Advantages/Challenges: The two most commonly discussed advantages to using LEDs are efficiency and lifetime.  LEDs are more efficient (output divided input) than incandescent and fluorescent lamps and are essentially equivalent to high-intensity discharge (HID) lamps.  White LEDS are less efficient because the phosphor coating must interact with the base color (usually blue) to create white light.  There exists potential for significant cost savings of LEDs over other current horticultural lamps.  Unlike traditional lamps, LEDS generally do not “burn out”.  The metric used is the LED’s “lifetime” which is the time (in hours) required for the light output to drop below a percentage of the original maximum intensity under optimal operating conditions.  Generally speaking, growers will replace their lamps when the light output drops below 90%. Therefore, a grower can expect a lifetime of approximately 25,000 hours at 90%.  The long operational life of LEDs nearly eliminates the procurement and disposal costs for replacement bulbs.  Associated labor cost would also decrease.  LEDs emit little or no radiant heat.  However, there is a loss of heat from the diode junction.  The thermal output can be significant when LEDs are used in high-densities.  LEDs also offer the advantage of turning on instantly and do not require warm-up time.  They also turn off instantly.  One subtle, yet important, advantage to LEDs is that they do not contain hazardous materials unlike fluorescent lamps which contain mercury and require special disposal.  LEDs also do not produce damaging ultraviolet wavelengths, (unless using UV LEDs), as do HID lamps if the protective envelop breaks.  Due to their size, LEDs offer flexibility in fixture design.  The primary difficulty which has prevented mass LED installations for greenhouse lighting has been cost.  Although the initial cost may be higher than other supplemental light sources, the ROI is much shorter due to energy efficiency and life span.  Secondly, the cost of LEDs is constantly decreasing and companies like Philips Lighting and others are offering affordable LED technology.  The primary technical obstacle to using LEDs for horticulture lighting is the low light output of some current LEDs wavebands of interest to horticulturists.  Although an LED replacement to today’s HID lamp does not exist, sources estimate that one will be available in 3 to 5 years.  Nevertheless, LED modules of desirable wavebands exist and are currently being used for multilayer production and intracanopy lighting (Fig. 2 and 3, respectively).  Other LED lamps being produced have a standard E27 fitting, which allows for direct replacement in existing installations.  No additional modifications are required (Fig. 4).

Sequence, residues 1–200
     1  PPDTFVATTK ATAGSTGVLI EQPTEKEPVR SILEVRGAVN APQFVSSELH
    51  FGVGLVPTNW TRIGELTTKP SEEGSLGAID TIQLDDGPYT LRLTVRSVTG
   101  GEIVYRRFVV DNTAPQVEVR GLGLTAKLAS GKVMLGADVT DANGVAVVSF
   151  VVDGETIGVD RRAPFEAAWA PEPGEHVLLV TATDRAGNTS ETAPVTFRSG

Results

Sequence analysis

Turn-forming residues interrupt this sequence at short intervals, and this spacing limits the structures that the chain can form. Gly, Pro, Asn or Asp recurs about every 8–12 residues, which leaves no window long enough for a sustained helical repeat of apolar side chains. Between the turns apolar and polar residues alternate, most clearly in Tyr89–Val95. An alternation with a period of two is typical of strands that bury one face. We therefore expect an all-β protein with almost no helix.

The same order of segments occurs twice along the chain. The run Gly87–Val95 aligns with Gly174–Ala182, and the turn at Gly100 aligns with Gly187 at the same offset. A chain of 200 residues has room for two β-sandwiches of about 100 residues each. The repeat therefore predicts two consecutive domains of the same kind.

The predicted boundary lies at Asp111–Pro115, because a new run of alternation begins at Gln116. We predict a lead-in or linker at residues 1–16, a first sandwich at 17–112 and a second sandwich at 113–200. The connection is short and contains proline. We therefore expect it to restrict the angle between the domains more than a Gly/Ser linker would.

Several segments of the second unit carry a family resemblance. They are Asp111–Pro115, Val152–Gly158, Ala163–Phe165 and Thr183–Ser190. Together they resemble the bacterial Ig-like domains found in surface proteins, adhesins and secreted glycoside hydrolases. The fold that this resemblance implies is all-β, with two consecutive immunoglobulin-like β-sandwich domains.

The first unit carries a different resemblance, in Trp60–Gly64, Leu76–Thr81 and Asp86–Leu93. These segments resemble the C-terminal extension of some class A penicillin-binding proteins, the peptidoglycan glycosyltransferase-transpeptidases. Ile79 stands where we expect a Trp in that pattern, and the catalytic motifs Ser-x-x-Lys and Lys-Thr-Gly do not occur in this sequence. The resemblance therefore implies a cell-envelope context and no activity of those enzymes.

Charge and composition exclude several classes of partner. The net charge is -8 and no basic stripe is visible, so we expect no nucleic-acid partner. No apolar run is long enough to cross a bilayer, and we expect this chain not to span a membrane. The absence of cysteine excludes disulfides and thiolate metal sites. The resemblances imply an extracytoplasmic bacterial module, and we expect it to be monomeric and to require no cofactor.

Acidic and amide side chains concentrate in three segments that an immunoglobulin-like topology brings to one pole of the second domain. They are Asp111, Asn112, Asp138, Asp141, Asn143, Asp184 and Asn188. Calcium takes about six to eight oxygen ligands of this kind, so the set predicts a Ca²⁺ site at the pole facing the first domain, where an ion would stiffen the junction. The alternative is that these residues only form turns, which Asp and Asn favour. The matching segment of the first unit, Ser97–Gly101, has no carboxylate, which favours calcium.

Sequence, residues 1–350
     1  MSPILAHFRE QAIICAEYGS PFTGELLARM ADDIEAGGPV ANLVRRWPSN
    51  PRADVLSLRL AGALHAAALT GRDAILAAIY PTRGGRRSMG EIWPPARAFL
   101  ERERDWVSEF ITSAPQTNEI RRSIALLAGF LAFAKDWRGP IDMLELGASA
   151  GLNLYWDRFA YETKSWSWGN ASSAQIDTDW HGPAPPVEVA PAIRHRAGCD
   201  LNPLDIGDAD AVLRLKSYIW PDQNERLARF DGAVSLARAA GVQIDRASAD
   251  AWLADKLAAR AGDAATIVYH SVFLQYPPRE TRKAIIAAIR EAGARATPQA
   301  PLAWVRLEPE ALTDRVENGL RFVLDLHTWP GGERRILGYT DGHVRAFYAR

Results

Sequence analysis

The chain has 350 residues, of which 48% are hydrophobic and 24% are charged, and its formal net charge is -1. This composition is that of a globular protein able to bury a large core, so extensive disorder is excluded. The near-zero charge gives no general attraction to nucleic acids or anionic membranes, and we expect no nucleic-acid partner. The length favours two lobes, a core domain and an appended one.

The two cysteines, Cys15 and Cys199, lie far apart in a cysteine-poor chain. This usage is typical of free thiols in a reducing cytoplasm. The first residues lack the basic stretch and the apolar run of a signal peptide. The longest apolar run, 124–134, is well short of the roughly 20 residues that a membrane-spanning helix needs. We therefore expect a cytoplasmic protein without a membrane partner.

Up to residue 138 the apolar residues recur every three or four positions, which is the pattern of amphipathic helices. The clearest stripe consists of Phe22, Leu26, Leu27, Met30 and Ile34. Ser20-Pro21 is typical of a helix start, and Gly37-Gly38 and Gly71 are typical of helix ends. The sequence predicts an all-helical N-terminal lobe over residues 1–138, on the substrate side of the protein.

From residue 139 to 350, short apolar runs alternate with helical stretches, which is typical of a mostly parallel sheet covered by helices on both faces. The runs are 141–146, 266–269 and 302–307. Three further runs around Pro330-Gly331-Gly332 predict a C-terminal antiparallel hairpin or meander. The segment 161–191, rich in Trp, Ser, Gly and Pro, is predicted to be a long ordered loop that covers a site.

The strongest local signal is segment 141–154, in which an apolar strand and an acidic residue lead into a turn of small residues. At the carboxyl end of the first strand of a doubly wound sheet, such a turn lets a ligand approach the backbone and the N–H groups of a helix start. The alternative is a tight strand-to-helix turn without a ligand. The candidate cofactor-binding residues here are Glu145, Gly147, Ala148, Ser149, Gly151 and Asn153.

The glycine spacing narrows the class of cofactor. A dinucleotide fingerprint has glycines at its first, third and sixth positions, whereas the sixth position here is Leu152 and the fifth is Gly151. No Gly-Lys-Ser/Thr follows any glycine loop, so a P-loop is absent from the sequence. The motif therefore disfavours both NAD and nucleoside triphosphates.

Horticulture Applications: The ability to control spectral quality is of interest for crop production and is not easily achieved with broad-spectrum light sources.  LEDs produce narrow-spectrum wavelengths they have been manufactured in highly plant-absorbed colors.  Spectra can be customized and even modified to match the crop needs and control the photoperiod or growth cycle.  Therefore, LEDs require a systematic approach which is dependent on the crop being grown and the goals of the grower.  Since growers are using highly plant-absorbed colors, LEDs should produce much less wasted light and energy versus using non-productive wavelengths.  Recall that LEDs emit very little if any radiant heat which allows them to be operated close to the canopy.  This also increases the light intercepted by the plant further improving the use efficiency.  The capability of using LEDs closer to the plant canopy provides options such as multilayer production of many crops including tissue culture.  Multilayer production using other light sources is possible.  However, more shelves per unit volume are possible with LEDs.  For example, one grower decreased their light energy consumption by more than 50% and increased their multilayer production by 33% without additional production volume simply by switching to LEDs.